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Group health insurance premiums continue to increase modestly, according to a survey released Wednesday by the Kaiser Family Foundation and the Health Research & Educational Trust.
The survey of more than 2,000 employers found that the premium for family coverage rose an average of 3% in 2014, increasing to $16,834.
“The relatively slow growth in premiums this year is good news for employers and workers, though many workers now pay more when they get sick as deductibles continue to rise and skin-in-game insurance gradually becomes the norm,” Drew Altman, president and CEO of the Kaiser Family Foundation, said in a statement.
“These findings are positive and reflect a general slowing in health care costs overall,” added Maulik Joshi, president of the Health Research and Educational Trust, which is a unit of the American Hospital Association.
That 3% average increase compares with a 3.8% increase Kaiser found in 2013 and a 4.5% increase in 2012.
Other findings in the Kaiser/HRET survey include:
• Premium costs are considerably higher at larger employers than at smaller organizations. For example, the average premium cost in 2014 for family coverage among larger employers, defined as those with at least 200 employees, was $17,265. That compares with an average premium cost of $15,849 among employers with between three and 199 employees.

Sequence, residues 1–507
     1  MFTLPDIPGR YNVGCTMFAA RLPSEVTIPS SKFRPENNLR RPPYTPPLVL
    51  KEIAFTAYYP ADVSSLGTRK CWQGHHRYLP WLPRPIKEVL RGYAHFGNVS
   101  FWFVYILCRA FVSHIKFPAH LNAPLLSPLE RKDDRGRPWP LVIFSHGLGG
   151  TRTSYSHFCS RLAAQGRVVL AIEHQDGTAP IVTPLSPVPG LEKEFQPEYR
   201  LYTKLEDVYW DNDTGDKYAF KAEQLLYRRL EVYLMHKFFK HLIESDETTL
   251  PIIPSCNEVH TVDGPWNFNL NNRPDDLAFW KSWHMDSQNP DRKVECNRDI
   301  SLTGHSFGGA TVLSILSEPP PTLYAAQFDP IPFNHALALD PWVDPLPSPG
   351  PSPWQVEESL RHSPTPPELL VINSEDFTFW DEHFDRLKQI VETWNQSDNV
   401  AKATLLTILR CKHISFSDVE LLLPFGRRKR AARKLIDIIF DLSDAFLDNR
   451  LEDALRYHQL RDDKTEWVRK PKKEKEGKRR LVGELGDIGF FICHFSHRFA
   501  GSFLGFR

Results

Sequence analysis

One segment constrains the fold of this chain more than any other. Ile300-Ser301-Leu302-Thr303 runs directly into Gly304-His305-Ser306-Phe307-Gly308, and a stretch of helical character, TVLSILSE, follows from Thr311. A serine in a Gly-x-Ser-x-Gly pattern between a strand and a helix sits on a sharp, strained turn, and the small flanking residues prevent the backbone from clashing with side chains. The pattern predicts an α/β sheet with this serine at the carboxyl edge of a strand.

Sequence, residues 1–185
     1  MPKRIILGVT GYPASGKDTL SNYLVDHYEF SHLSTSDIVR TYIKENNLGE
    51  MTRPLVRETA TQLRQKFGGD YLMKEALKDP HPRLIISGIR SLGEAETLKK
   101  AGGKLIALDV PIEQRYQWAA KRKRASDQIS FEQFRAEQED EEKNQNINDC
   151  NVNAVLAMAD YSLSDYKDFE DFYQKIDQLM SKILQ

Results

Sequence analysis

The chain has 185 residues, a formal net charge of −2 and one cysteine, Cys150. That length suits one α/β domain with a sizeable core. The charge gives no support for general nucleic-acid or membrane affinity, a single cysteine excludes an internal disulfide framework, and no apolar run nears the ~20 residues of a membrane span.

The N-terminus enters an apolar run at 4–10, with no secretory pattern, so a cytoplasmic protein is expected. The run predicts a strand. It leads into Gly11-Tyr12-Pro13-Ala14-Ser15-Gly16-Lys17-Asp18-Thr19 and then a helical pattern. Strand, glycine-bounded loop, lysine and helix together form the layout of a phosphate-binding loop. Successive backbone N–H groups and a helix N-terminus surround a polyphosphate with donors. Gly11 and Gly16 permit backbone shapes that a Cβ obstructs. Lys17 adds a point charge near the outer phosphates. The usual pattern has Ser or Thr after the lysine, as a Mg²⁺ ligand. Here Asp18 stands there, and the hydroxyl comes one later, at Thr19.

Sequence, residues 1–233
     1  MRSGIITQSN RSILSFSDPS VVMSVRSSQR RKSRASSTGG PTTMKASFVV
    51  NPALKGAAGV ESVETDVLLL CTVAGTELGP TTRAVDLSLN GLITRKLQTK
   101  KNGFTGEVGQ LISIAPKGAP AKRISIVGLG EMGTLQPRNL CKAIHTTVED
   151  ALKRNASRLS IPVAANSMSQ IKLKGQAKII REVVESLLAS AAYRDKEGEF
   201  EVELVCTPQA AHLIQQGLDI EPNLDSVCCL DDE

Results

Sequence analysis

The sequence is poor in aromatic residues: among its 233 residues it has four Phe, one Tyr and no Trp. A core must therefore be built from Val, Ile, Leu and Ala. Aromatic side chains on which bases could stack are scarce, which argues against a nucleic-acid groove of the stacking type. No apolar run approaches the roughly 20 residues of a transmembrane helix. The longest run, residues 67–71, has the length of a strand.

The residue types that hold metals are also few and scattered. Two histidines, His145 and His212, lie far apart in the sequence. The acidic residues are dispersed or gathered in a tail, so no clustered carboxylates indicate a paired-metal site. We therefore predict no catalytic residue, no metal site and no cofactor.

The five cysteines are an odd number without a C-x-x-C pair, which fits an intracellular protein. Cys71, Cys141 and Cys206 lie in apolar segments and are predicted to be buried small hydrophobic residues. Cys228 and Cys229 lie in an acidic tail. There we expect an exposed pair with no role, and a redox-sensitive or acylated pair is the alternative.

• Employees working for smaller companies pay a much greater share of the premium than those working for larger employers. For example, in 2014, employees working at organizations with between three and 199 employees paid an average premium of $5,508 for family coverage, close to $1,000 more compared with the $4,523 average premium employees at larger organizations paid this year.
• The deductible imposed by employers for single coverage averaged $1,217, up from $1,135 in 2013 and $1,097 in 2012.
• The percentage of employers with at least one “grandfathered” health care plan fell to 26% this year, down from 36% in 2013 and 48% in 2012. Under the health care reform law, grandfathered plans are exempt from certain requirements, such as offering full coverage for preventive services. But to qualify for grandfathered status, employers face limitations on how much they can shift funding cost increases to employees through boosts in deductibles and copayments.
New York state's individual and small group health insurance rates for the 2015 plan year, including rates for plans purchased through New York's public health insurance exchange, will increase by averages of 5.7% and 6.7% respectively, the New York State Department of Financial Services said Thursday.